Audit-Proof Your Small Business

Eight tips for keeping your business expenses and record-keeping organized.

A small-business owner looks over paperwork in his office.
(Image credit: Getty Images)

When you’re running a business, you have a lot to manage. If there isn’t a person in your face forcing you to stay on top of a task, it can be easy to keep putting it off to tomorrow, Friday or next week … and soon you have a large pile to work through.

While this strategy works for many projects, it can lead to trouble (opens in new tab) in the financial realm. If you’re audited, you’ll need a track record for each transaction or face consequences (opens in new tab). Your business expenses are not something you can make up or give your best-educated guess. They need to be accurate, and you need to have the evidence to back them up.

The best and least stressful way to keep your business expenses accurate is to maintain what the IRS calls a contemporaneous approach. It’s basically an organized approach for tracking your expenses as they occur. Here are eight tips to help you manage your business expenses and finances and ensure you are prepared in case of an audit.

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1. Pick a strategy that works for you

You can outsource your finances by hiring a bookkeeper or a “QuickBooks expert.” The more cost-effective but time-intensive route is to track your expenses yourself, either by hand or electronically.

2. Know what to track

You’ll want to track the following items. Ensure you’ve got a strategy for each.

  • Cash flow
  • Expenses
  • Donations/charitable giving

3. Store your business expenses information in one place

Law requires you to keep all tax records (opens in new tab) for at least three years. This can either be a digital copy in the cloud or a physical copy. You might also store your expenses within your subscription service app.

4. Keep your business and personal accounts separate

Having a separate bank account for your small business will help you not mix up your personal expenses with your business expenses. Having a credit card connected to the business account will also enable you to easily send business expenses through that account.

5. Use technology and apps to help streamline the process

Traditionally, professionals would keep all business receipts in a manilla envelope. Nowadays, there are many electronic, paperless options that sync to your accounts or allow you to upload photos of receipts. Pick a platform you’re comfortable with that isn’t cost-prohibitive.

  • Microsoft Excel has many templates available for tracking cash flow, income, etc. It is a great option for small businesses without too many transactions.
  • QuickBooks is a widely used platform functioning as a subscription service that larger organizations and companies use for tracking business expenses.
  • Other subscriptions to consider include Expensify, Certify, and Zoho Expense (a lower-cost option).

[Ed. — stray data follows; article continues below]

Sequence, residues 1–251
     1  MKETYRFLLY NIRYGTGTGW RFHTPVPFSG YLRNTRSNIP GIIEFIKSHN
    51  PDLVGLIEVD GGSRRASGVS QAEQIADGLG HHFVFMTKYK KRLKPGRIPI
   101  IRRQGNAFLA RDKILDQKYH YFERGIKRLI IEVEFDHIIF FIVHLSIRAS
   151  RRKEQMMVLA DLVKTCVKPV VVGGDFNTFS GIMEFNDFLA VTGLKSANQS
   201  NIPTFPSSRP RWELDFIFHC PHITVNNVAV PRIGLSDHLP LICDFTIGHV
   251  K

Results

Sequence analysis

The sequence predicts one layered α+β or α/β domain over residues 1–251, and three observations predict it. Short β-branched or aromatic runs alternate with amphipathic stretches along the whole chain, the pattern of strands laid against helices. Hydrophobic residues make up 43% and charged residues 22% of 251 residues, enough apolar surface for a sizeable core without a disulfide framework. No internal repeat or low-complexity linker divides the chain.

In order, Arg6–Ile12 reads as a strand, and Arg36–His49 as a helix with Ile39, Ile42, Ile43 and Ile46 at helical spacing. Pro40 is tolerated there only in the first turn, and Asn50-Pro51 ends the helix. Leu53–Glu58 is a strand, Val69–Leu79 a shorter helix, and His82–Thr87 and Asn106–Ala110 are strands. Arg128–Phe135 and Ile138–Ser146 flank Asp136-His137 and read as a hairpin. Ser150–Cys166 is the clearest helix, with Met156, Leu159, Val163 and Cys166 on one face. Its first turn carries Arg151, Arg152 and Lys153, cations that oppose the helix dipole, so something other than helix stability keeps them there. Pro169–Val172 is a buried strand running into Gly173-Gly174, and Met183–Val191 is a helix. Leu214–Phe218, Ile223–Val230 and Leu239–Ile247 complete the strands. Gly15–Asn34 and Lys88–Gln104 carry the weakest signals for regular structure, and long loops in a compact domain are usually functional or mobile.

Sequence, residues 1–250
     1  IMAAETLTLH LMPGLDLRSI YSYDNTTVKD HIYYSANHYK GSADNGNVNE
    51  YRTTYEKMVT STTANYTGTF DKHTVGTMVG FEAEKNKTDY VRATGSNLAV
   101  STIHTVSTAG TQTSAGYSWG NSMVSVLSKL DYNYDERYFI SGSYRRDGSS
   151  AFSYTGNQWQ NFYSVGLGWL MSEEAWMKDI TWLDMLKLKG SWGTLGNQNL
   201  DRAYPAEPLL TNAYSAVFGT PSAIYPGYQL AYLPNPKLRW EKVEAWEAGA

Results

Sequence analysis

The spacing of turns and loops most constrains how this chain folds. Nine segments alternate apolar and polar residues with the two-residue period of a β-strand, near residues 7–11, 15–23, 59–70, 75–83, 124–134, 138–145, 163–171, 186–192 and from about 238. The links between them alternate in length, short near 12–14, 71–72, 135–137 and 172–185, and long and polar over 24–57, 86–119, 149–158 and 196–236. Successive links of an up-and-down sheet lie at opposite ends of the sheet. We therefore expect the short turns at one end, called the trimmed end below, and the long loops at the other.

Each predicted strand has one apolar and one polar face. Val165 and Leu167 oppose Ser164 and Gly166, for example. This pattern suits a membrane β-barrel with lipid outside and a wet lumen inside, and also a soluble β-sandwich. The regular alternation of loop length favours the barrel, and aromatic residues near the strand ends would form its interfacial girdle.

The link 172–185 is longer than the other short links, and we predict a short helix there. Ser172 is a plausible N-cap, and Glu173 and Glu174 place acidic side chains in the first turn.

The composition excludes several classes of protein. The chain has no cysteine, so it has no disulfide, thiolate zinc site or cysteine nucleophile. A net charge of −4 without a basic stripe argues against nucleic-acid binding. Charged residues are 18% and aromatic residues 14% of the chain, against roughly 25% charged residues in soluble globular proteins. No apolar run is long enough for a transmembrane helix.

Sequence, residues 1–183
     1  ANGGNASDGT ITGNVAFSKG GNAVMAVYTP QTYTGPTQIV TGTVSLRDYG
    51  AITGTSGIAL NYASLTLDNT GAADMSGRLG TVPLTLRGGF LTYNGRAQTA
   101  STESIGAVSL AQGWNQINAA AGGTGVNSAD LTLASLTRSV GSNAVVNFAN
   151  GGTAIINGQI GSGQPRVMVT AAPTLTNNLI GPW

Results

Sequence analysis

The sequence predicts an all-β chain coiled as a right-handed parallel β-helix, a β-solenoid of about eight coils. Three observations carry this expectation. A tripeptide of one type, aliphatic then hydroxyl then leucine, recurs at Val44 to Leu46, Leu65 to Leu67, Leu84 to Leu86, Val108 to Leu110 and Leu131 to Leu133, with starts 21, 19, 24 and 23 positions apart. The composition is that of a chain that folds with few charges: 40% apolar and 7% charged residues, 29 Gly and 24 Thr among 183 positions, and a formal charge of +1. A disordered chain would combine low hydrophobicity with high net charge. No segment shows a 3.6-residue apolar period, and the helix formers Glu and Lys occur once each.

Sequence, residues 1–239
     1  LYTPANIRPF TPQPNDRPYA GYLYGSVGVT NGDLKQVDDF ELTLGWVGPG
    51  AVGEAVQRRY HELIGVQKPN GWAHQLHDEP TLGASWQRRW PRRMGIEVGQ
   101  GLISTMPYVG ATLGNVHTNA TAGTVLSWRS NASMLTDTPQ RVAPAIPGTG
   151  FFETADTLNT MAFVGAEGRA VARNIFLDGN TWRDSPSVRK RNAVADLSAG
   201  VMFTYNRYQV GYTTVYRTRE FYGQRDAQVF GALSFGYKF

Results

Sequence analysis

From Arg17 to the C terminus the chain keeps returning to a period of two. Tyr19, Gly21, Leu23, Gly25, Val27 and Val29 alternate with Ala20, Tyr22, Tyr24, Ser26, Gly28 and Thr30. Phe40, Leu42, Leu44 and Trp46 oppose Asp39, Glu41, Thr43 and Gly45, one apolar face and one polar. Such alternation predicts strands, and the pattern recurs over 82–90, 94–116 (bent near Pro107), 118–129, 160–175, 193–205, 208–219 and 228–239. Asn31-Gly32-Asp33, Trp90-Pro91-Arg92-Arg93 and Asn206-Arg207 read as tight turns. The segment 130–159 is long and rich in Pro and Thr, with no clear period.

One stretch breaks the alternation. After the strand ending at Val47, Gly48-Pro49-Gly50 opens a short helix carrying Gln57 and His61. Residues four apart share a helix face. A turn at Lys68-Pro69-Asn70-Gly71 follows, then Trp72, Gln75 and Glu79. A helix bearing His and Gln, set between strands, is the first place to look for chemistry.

Additionally, you may utilize apps to assist in tracking a particular category of expenses. Google Maps can assist in re-creating and tallying your business mileage. MileIQ is a great app for accurately tracking your mileage by tracking your movement for business trips, and it can generate a report at the end of the year.

6. Understand what qualifies as a deductible

This is one of the key areas that trigger disputes, so it’s critical to understand what does and does not qualify. According to the IRS, business deductions should be “both ordinary and necessary.” (opens in new tab) In other words, it’s an expense that is common for businesses within your industry and is needed for running the business. This largely includes office expenses such as printer paper, monitors, computers, pens, etc.

If you’re unsure whether an expense qualifies as a deductible, track it. Later, your tax adviser can guide you in determining whether to include that expense.

7. Remember: Only your business can make business deductions

If employees are incurring expenses on behalf of your business, their option is to discuss reimbursement with you. Employees are not able to make business deductions on their personal taxes. This rule changed within the past few years (opens in new tab), so some people may find the consequences confusing.

For example, people can only write off having an office at home if they are self-employed. Otherwise, employees should discuss reimbursement with their employers.

8. Understand how to track donations

Your charitable donations are not a deductible business expense if you are a sole proprietor reporting your business income on a Schedule C, but potentially they could be an itemized deduction on your personal return. If a donation is completed in exchange for a sponsorship, it can be categorized as advertising or marketing rather than charity.

This article was written by and presents the views of our contributing adviser, not the Kiplinger editorial staff. You can check adviser records with the SEC or with FINRA.

Andrew Gillund, CPA, MBT
Primary Tax Adviser, Berger Financial Group

Andy Gillund, CPA, MBT, is a primary tax adviser and CPA for Berger Financial Group (opens in new tab). He has over a decade of experience in accounting and helping clients minimize their tax burden. Andy has a B.S. in Accountancy and received his Master of Business Taxation degree from the University of Minnesota Carlson School of Management. He is active with the Minnesota Society of CPAs and the Volunteer Income Tax Assistance (VITA) program.